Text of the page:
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首页 » 英文短篇小说 » The Camp Fire Girls at Driftwood Heights » CHAPTER XIX A PAIR OF INNOCENT MISCHIEF-MAKERS
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Meanwhile, Jane and Frances had rushed gleefully off on their arrow-hunting quest. Jane’s impetuous method of dashing into things, coupled with Frances’ love of mischief, made them boon companions, despite their readiness to argue on sight. Jane’s merry challenge, “I’ll beat you to the ledge!” sent them crashing through brush and bush with a will that carried them several yards past it.

Their mad dash ended in catastrophe for Frances. Close at Jane’s heels, an avenging slap in the face from the recoiling branch of a stunted sapling which Jane’s headlong flight had rudely set in motion, caused Frances to stumble and pitch forward into a heap of brush. Her slam-bang invasion resulted in dislodging a peaceful garter-snake, which wriggled indignantly off almost across Jane’s feet, causing her to execute a wild leap. “Ugh, a horrid snake!” she shrieked. “You did that, Frances Bliss!”

“You snapped that limb in my face and made me fall,” counter-accused Frances. Whereupon both girls burst into laughter.

“Come on. We’re clear past the ledge. If we don’t hurry, we won’t have time to look for arrow-heads.” Jane reached forth a helping hand to haul the still-chuckling Frances to her feet.

Still hand in hand, the two trotted toward the out-cropping rocky ledge. Straight across it lay a fallen tree, scorched black and white by lightning, the greater part of its dead length extending into space. Stepping upon it, Frances ran fearlessly along toward the edge of the rocks. At every step the dry, rotten wood gave forth a crunching sound, accompanied by an ominous quivering of its entire length. Though she could not know it, it was on this very account that Ruth had forborne exploring the ledge.

“Look out!” Simultaneous with Jane’s warning cry, came a rattle of stones. Frances made a wild backward spring for safety. Precariously balanced, as was the tree across the ledge, Frances’ weight on it had served to dislodge a crumbling bit of rock on which it had partially rested. Down into the hollow below it catapulted, its brittle boughs, snapping and splintering as it descended. The terrific thud, with which it landed in the hollow, was echoed by a long, low rumble, a great quivering of the ledge itself, then a second deafening crash.

Well back from the scene of disaster, Jane and Frances clung to each other, speechless with terrified amazement.

It was Jane who first managed to gasp: “What—what was it?”

In spite of the fact that she had narrowly escaped accompanying the tree on its downward career, Frances answered with a slightly hysterical laugh. “You must have caused an earthquake, Plain Jane.”

“I? You mean you! You started the tree, and I guess the tree did the rest. Something besides that tree certainly dropped. Dare we go over and see just what happened? Come on!”

Very gingerly the two went forward. To all appearance, the ledge of rock was still intact. Securing a thick stick, Frances went cautiously forward, striking the stony formation ahead of her with every step she took. Where it jutted off into space she halted, and kneeling, peered over. Emulating her bold example, Jane was soon kneeling beside her.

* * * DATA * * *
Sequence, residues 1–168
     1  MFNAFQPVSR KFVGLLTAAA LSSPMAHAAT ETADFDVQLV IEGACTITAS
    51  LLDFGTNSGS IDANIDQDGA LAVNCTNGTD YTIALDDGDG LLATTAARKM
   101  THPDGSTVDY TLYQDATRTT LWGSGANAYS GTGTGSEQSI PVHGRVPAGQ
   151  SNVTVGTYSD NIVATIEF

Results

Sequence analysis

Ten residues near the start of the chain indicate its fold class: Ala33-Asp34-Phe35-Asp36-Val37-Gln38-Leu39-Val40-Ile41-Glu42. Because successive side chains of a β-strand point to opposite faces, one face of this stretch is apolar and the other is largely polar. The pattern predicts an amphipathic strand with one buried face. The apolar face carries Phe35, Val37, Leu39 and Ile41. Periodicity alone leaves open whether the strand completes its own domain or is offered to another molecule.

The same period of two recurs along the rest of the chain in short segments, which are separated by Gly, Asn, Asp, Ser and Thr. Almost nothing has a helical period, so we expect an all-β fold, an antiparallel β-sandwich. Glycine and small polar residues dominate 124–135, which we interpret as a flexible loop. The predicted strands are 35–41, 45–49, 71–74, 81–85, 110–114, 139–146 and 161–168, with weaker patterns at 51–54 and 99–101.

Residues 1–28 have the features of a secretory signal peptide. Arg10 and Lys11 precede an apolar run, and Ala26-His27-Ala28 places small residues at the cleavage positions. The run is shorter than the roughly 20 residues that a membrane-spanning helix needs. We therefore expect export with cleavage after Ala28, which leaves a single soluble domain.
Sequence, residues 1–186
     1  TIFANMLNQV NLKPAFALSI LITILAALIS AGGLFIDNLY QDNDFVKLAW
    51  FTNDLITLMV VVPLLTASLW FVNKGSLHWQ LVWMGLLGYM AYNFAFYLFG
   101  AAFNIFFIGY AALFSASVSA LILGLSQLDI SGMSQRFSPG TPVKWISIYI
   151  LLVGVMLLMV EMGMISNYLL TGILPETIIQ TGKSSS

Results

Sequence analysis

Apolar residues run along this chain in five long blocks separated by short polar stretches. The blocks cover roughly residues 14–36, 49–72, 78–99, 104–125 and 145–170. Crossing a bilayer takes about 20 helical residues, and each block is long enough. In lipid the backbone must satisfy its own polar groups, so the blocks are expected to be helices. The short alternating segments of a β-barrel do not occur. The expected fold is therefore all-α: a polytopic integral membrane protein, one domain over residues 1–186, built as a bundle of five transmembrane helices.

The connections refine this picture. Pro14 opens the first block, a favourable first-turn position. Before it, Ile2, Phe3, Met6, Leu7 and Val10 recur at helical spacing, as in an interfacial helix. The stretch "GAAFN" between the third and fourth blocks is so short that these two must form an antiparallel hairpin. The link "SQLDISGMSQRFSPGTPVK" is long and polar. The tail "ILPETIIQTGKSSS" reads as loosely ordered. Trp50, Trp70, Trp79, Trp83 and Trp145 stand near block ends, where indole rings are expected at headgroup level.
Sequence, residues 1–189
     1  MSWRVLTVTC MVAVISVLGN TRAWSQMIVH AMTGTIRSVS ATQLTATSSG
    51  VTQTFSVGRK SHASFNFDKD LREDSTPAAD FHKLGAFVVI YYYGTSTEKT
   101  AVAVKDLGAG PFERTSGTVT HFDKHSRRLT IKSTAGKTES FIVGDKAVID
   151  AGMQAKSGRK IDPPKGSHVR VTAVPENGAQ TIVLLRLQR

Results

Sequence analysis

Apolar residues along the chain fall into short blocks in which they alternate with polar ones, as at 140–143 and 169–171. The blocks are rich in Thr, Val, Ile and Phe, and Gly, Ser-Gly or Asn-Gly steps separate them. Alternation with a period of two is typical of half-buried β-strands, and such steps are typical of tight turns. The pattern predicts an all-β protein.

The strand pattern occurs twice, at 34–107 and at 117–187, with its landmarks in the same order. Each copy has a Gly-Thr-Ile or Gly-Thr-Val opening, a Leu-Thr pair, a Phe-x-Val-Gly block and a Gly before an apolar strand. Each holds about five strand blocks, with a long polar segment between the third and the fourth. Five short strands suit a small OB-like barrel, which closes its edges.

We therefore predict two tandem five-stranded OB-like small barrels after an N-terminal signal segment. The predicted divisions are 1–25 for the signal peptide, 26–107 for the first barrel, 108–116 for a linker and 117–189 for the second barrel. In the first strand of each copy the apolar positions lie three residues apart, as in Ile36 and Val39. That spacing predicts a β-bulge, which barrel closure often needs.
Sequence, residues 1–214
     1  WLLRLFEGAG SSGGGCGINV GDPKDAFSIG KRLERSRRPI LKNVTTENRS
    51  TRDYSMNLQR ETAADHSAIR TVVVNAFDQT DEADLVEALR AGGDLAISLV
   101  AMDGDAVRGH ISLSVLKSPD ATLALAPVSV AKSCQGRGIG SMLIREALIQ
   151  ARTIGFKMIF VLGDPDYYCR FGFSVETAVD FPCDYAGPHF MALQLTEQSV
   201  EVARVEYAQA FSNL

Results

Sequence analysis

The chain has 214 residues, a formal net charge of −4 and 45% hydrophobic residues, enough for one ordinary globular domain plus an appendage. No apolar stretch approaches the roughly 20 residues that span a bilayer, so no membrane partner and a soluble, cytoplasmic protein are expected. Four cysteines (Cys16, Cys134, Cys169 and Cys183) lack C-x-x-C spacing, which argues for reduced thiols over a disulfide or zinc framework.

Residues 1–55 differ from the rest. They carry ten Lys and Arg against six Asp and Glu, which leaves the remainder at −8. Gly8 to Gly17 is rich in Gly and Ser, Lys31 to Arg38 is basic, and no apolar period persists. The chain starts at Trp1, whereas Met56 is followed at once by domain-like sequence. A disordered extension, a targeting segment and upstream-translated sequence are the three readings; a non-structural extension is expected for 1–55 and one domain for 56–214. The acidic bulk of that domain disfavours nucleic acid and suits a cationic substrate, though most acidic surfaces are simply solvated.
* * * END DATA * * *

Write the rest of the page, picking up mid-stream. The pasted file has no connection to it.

“All I can see is a great lot of stones and one big rock,” declared Frances. “Maybe the tree jarred the under part of this rock loose. We’d better move back. The rest of it might go. That second terrible crash must have been caused by that big rock when it fell. The rest of the folks must have heard it. Hark!”

A long shrill halloo assailed their ears. Again it sounded; this time nearer.

“They heard. They’re calling. We’d better go.” Jane sprang to her feet and set off through the woods, Frances following after.

Halfway to the spot where the party had stopped to rest, Jane and Frances dashed into the midst of an excited sextette.

“What caused that frightful crash? Were you girls very close to it? Where are Ruth and Blanche?” White-faced and anxious-eyed, Miss Drexal fairly hurled her questions at the laggards.

“Ruth and Blanche?” Frances echoed, staring at the Guardian. “Why, I don’t know. They weren’t with us!”

“We almost got caught in an earthquake. Frances declares it was one, and that I caused it,” broke in Jane gaily. “Of course she’d—”

“This is not a time to joke,” interrupted Miss Drexal curtly. “The question is, where are Ruth and Blanche. They were with us until a few minutes ago. We were all standing together looking at a flock of crows. I had been telling the girls about a pet crow I once owned. It was only after I had finished that we noticed they were missing. Then we guessed that they had gone to find you two. Tell me quickly what happened over there.”

“That’s queer!” Jane’s gaiety had vanished. She now looked very solemn. In a subdued voice, she recounted what had occurred at the ledge.

“You might both have been killed.” Miss Drexal looked uncompromisingly stern. “I blame myself for allowing you to go. Now we must find the girls. I can’t understand their running off in this strange fashion. It’s not in the least like Ruth.”

“Oh, they can’t have gone far,” encouraged Anne. “Ruth wouldn’t dream of straying away purposely after all you’ve said. Blanche—”

“Make up your mind Blanche is to blame,” asserted the too-candid Jane. “She’s been sulking ever since she tried to upset the canoe this morning and Ruth spoke to her about it. I promised Ruth not to mention it, but I think I ought to tell you. They—well—Blanche may have said something horrid to Ruth while you folks were watching those crows, then started off into the woods just to be mean. Ruth is so—so—good. Of course, she’d run after Blanche and try to put her in a good humor. Ruth has stood a lot from her since we came up here. I don’t know why Blanche is so down on her. I only know she is. I haven’t been blind,” was Jane’s energetic conclusion.